Book Review - Building Linux Virtual Private Networks (VPNs)

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Author: ShaolinTigerLocation: Kuala Lumpur, Malaysia PostPosted: Tue Aug 19, 2003 10:16 pm    Post subject: Book Review - Building Linux Virtual Private Networks (VPNs)
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Building Linux Virtual Private Networks (VPNs)

Author(s): Oleg Kolesnikov and Brian Hatch
Website: http://www.buildinglinuxvpns.net/
Publisher: New Riders
Book Specifications:Soft-cover, 385 pages
Category: Linux Administration and Secure Networking
User Level: No prior knowledge of VPNs needed, recommended familiarity with Linux
Suggested Publisher Price: $44.99 USA/ $69.99 CAN/ 34.99 Net UK (inc of VAT)
ISBN: 1-57870-266-6
Amazon.co.uk: Building Linux Virtual Private Networks (VPNs)
Amazon.com: Building Linux Virtual Private Networks (VPNs)



Info from Back: "Building Linux Virtual Private Networks focuses on showing you how to get your Linux VPN up and running as quickly as possible. You will learn VPN theory and fundamentals and will master important techniques and tools needed to design and set up your VPN in a reliable, secure and cost-effective fastion"

Introduction

VPNs have always been an area I've been a bit shaky on, I've sort of understood the theory and set simple host-host VPNs up via Windows wizards but I've never really dug down to the encapsulation and host-network or network-network VPNs (I only know what these terms meant after I read the book Very Happy).

I was looking forward to reading this book so I could really get my head around VPNs, how to set them up, how to choose which protocol/cipher to use and so on.

It's quite a complex area and very important in todays security concious world.

Unlike the other books we have here this book is aimed at a very specific area so I wouldn't expect people who are just generally interested in security to be reading this review.

If you are really into your security and want to cover all aspects then no doubt you'll be looking at VPNs, if you are into security you are into Linux to some degree so this is the book for you. This book is intended to be a practical introduction and reference to bulding VPNs on Linux.

Contents

At the most basic level this book is broken into 3 main sections, Virtual Prviate Networks (introduction), Implementing Standard VPN Protocols (VPN with SSH and PPP, IPSec etc.) and Implementing Nonstandard VPN protocols (VTun, cIPE and so on).

The first section is very complete and runs to 62 pages, it really lets you get a feel for VPNs and all the main technologies and protocols included. It is split into two sub-sections; Introduction to VPNs and VPN fundamentals. This section also outlines the different types of VPNs, why you would use a VPN, network issues and so on.

If you are completely clueless about VPNs you would do well to read this chapter as it would fill in any gaps you have and is easy to read (obviously this only applies to technically minded people familiar with TCP/IP, Linux and encryption at a basic level).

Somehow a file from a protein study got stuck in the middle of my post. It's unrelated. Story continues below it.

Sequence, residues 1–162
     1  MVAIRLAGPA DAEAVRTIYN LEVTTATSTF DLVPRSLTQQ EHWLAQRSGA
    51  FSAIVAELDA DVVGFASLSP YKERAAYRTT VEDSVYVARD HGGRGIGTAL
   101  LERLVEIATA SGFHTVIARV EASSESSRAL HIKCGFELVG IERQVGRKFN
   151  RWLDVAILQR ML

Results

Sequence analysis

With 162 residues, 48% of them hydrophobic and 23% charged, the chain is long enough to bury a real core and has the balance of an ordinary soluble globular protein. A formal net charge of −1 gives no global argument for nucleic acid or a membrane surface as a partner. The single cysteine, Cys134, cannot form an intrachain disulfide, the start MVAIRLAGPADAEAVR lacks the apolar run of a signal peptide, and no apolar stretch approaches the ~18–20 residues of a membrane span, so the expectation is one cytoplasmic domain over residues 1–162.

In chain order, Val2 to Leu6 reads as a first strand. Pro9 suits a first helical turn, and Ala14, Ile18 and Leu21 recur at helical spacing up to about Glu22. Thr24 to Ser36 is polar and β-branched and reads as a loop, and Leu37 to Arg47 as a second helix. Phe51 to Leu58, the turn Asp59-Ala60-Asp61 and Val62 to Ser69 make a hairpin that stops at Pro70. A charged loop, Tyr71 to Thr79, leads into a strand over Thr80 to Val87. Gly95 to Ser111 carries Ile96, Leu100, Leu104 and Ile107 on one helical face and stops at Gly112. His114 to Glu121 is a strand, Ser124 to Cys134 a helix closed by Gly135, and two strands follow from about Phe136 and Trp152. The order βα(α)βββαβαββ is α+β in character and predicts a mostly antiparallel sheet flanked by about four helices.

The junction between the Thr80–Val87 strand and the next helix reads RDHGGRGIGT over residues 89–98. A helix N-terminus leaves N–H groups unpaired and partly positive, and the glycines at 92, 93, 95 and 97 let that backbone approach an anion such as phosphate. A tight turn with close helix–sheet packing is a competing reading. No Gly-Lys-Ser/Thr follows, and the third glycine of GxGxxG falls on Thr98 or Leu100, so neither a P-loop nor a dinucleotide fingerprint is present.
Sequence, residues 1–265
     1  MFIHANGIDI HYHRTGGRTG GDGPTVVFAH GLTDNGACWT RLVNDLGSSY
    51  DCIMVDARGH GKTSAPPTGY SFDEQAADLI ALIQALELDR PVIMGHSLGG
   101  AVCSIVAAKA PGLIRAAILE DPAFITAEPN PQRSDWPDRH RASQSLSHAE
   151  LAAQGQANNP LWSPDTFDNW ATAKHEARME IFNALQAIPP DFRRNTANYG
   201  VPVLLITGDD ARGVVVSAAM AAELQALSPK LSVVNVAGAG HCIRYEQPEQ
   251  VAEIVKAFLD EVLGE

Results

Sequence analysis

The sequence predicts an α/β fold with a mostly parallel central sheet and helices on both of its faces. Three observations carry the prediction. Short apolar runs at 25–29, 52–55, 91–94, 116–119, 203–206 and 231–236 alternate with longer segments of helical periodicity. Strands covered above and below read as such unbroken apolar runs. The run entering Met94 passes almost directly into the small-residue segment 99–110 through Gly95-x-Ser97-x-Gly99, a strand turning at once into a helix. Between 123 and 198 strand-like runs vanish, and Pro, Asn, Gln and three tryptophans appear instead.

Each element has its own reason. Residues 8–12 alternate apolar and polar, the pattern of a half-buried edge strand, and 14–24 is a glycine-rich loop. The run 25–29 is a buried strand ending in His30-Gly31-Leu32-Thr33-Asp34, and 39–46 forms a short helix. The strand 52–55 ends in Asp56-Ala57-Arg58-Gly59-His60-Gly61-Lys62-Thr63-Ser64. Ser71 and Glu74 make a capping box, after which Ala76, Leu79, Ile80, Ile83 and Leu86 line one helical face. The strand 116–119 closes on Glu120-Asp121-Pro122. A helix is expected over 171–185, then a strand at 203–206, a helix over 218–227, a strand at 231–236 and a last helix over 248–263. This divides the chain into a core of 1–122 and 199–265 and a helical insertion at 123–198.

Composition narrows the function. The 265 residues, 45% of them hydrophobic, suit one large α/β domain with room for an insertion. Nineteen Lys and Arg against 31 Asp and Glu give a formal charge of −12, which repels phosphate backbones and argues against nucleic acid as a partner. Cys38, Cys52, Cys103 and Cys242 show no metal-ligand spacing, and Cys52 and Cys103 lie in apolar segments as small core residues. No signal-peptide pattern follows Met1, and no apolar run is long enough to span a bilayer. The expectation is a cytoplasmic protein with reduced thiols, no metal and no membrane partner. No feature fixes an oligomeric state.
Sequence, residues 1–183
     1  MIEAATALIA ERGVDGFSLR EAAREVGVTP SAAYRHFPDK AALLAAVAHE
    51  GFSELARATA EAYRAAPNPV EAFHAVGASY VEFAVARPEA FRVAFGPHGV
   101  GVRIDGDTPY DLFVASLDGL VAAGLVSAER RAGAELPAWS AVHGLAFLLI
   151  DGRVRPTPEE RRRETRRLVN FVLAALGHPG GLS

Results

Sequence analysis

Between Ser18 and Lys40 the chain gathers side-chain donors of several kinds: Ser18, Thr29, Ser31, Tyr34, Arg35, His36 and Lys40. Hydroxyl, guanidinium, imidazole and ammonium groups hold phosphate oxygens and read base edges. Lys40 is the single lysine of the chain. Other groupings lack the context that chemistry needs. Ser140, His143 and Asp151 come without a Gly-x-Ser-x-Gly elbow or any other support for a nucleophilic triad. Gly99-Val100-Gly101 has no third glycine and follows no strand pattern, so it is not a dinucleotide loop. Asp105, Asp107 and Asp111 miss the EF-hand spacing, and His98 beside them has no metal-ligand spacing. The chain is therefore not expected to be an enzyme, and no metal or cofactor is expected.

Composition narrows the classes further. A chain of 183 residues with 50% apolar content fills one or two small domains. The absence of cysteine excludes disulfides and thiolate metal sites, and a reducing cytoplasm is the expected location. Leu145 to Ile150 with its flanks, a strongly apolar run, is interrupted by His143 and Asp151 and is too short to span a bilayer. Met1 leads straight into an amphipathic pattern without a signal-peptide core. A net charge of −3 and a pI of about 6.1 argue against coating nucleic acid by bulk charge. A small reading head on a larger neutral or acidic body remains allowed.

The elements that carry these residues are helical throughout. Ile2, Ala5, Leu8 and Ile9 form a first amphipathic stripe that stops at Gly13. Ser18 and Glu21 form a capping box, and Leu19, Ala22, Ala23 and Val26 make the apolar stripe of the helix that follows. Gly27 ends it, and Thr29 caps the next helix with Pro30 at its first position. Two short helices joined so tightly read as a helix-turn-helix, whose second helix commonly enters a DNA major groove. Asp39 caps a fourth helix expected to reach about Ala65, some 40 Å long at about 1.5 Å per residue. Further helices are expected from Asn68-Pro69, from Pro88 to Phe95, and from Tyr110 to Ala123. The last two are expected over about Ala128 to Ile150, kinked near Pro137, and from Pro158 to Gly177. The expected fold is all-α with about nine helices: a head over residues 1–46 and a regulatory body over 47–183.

Run down of chapters/sections/contents

Introduction to VPNsVPN FundementalsImplementing Standard VPN ProtocolsImplementing Nonstandard VPN ProtocolsAppendicesFor a very technical book the contents are very well laid out, books concerning Linux tend to dive straight in the deep end and assume previous knowledge. This book really introduces VPNs well, the concepts behind them, when you would and wouldn't want to use them and the advantages of each Protocol. It gives real world examples of remote offices and so on with solutions to show how a VPN could improve the business system.

It has a lot of detail on how a VPN will interact with a firewall and how it should be setup properly in various configurations (on the firewall, parallel to the firewall or behind the firewall). It then covers networking issues including netmasking and routing basics.

As for the technical sections, each section is lengthy enough with all the details needed to set it up, manually and shell scripts are included, although a CD with them on would have been useful but could have pushed the price up.

There is enough detail on every configuration to allow you actually do it in a way which suits your situation. This includes init.d scripts and is not distro specific (e.g in places shows both Debian and Redhat methods of installation).

Style and Detail

Honestly speaking I was actually expecting this book to be terribly boring as it in an area I am interested in, but well it's VPNs, how interesting can it be?

I was pleasantly shocked to find the book is actually very well written, interesting and engaging to read. There is a bit of humour in the writing and it's written in a plain, easy to read but not patronisingly simple manner.

It explains very well the conventions used in the book and gives a chart with the technical level of each chapter at the start, this gives you an idea how the book is going to go and perhaps if you are more advanced with VPNs you could skip straight to the Protocol or section you are interested in.

The introduction and examples are very easy to understand but are technical enough that you can see the justification for them while the technical chapters cover some highly complicated stuff but present it in an easy to read and clear format. The formatting for commands and config file entries is easy to pick out and well explained.